Business FAQs

Should I form a company or not?

The main advantage of incorporating or forming a limited liability company (“LLC”) is to protect personal assets such as bank accounts, stocks and bonds, recreational vehicles, and real estate other than your homestead. General partnerships do not shield personal assets.

How long does it take to form an LLC or company?

Our firm files your incorporation paperwork with the Secretary of State in 24-48 hours. The remaining corporate documents are drafted subsequently.

Can a corporation or a LLC consist of one person?

Yes. One person can be a corporation or a LLC. That one person would be the shareholder, board of director, President, Vice-President, Secretary and Treasurer, or member and manager in case of a LLC.

What is an LLC?

Like a corporation, the members of an LLC are generally shielded from personal liability for the LLC’s debts and obligations if the LLC follows certain formalities. The owners of an LLC, called members, get many of the same tax benefits as partners in a partnership and enjoy the limited liability benefits of a corporation. Typically, unless the members choose otherwise, an LLC is taxed almost exactly the same way as partnerships and sole proprietorships. Profits and losses are passed through to the members of the LLC, and there is no income tax at the business level, or double taxation.

Are profits split according to the percentage ownership in the LLC or S-corp?

Not necessarily, although this is a common assumption. Profits do not have to be split in the percentage of ownership. Owners can pay themselves or investors a different percentage of profits on a per project basis or other arbitrary agreed upon criteria.

What are the disadvantages of an LLC or a Corporation?

The maintenance and formality of an LLC or S-corp is somewhat inconvenient compared to a sole practitioner in that, once a year, minutes or notes of major company activities should be written. Further, a separate tax return will have to be prepared for the LLC or corporation in addition to the personal tax return, therefore a CPA is usually necessary. However, the peace of mind of asset protection provided by an S-corp or LLC is generally worth the paperwork.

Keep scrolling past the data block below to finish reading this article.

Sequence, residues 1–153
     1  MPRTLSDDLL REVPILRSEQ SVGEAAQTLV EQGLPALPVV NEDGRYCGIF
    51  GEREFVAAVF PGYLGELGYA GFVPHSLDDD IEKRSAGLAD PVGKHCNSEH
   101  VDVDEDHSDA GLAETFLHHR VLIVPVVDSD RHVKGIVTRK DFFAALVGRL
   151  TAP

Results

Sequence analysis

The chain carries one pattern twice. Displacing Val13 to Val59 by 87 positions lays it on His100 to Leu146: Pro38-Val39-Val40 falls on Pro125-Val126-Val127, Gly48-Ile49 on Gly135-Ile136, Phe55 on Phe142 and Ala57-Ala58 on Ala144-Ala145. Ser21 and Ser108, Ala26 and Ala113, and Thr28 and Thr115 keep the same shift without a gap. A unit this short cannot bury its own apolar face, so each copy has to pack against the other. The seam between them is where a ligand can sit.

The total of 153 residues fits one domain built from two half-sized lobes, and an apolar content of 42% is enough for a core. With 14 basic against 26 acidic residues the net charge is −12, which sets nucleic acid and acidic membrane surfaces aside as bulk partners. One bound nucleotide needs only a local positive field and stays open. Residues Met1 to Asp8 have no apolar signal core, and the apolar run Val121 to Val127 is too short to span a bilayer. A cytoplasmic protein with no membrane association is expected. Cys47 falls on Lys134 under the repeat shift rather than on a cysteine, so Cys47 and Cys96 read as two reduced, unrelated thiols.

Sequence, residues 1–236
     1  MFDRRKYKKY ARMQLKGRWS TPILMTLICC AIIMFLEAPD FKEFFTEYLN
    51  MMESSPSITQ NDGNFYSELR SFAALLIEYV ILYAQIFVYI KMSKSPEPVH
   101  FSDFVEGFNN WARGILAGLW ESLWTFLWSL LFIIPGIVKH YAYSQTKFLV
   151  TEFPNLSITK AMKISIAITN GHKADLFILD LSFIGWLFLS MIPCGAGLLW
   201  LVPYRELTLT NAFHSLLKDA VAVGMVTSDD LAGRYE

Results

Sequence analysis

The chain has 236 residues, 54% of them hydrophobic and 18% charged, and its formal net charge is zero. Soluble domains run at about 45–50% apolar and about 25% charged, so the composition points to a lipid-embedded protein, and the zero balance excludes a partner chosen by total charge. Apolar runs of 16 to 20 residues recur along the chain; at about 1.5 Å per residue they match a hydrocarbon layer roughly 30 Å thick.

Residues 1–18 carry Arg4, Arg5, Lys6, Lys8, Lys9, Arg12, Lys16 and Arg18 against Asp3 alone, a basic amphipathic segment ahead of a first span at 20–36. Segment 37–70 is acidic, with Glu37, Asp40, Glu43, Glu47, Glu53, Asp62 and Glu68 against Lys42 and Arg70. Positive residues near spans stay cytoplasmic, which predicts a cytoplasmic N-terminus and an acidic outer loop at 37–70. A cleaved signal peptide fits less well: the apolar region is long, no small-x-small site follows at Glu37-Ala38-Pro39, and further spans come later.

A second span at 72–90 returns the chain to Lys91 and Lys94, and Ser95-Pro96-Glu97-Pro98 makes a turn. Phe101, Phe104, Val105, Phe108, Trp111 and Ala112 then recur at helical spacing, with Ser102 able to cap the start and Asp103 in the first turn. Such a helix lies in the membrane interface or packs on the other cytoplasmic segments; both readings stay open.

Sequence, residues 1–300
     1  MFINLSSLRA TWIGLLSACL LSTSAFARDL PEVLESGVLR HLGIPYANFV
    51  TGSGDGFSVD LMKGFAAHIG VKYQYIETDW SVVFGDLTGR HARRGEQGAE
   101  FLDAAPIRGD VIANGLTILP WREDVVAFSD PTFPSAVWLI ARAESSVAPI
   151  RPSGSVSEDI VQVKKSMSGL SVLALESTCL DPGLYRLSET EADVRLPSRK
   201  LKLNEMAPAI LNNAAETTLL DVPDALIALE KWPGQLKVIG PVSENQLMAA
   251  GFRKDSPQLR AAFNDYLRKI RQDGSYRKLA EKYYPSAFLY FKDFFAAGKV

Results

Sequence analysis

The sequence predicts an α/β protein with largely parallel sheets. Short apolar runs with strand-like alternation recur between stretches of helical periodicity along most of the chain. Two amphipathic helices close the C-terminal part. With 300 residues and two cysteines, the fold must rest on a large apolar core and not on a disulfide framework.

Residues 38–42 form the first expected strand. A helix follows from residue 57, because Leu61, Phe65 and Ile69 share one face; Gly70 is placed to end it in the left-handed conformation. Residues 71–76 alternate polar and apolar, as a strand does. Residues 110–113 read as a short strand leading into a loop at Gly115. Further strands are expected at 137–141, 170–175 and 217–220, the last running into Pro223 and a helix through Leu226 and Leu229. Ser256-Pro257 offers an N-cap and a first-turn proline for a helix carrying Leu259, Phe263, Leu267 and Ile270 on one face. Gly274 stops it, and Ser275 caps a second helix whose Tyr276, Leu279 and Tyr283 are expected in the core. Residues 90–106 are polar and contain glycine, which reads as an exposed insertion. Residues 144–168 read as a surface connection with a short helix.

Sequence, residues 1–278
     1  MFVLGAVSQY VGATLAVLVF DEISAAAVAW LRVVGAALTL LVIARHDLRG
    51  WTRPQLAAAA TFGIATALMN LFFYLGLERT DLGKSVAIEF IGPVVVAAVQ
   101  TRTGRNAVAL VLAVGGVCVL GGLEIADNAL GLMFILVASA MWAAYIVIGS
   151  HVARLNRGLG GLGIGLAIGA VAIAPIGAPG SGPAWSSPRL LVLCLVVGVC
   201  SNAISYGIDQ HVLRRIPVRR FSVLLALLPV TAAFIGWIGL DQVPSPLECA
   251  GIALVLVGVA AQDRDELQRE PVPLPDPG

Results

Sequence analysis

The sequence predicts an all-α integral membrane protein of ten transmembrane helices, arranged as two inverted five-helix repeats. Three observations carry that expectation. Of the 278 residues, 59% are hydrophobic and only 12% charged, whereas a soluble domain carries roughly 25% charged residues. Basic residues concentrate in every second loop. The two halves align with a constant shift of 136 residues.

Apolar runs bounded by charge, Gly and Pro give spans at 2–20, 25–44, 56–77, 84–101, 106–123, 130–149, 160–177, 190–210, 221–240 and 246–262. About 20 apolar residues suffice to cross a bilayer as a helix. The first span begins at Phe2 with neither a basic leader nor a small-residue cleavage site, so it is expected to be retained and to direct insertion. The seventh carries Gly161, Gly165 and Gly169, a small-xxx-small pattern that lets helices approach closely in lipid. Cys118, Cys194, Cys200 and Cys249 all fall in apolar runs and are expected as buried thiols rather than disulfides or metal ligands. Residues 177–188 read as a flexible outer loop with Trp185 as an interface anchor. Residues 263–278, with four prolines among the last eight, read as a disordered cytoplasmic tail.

What is a Subchapter S Corporation, S-Corp?

You have heard the word “corporation” for years, and you might think this means a large business with multiple owners and many employees. Your business doesn’t have to be large or have more than one owner in order to form a corporation. In fact, an “S-corporation,” or “S-corp,” is extremely common for new small businesses and one-person companies.

The biggest advantage of choosing an S-corp for your business rather than a LLC is that Texas case law supporting S-corps is much older than case law on LLC’s. To date, the case law is stronger in shielding you from personal liability for the corporation’s debts and obligations than it is for LLC’s.

An S-corp is basically the same thing as a C-corp except that the S-corp has elected a special federal tax status, namely, S-corporation tax status. The election is made by filing Form 2553 with the Internal Revenue Service (IRS). So, what exactly does S-corp status mean? It means that the corporation will be treated like a partnership, limited liability company (LLC) or sole proprietorship for tax purposes: business profits and losses “pass through” the corporation directly to the owners or shareholders, who in turn report the profits and losses on their individual tax returns.

Should I be a minority owner in a company?

What should you do if your friend or anyone asks you to be part of their company, but only as a minority owner of the company or LLC? If you agree, you should require that you also be a member of the board of directors or a manager in an LLC; otherwise, your investment can be at risk. A minority owner cannot demand any return on its investment because the majority shareholder or member can take high salaries and bonuses, leaving no “profit” to be split among the owners. The majority owner taking high salaries and leaving little or no money for profits to go to the minority owner is the most common dispute in friendships that Badeaux & Associates sees.

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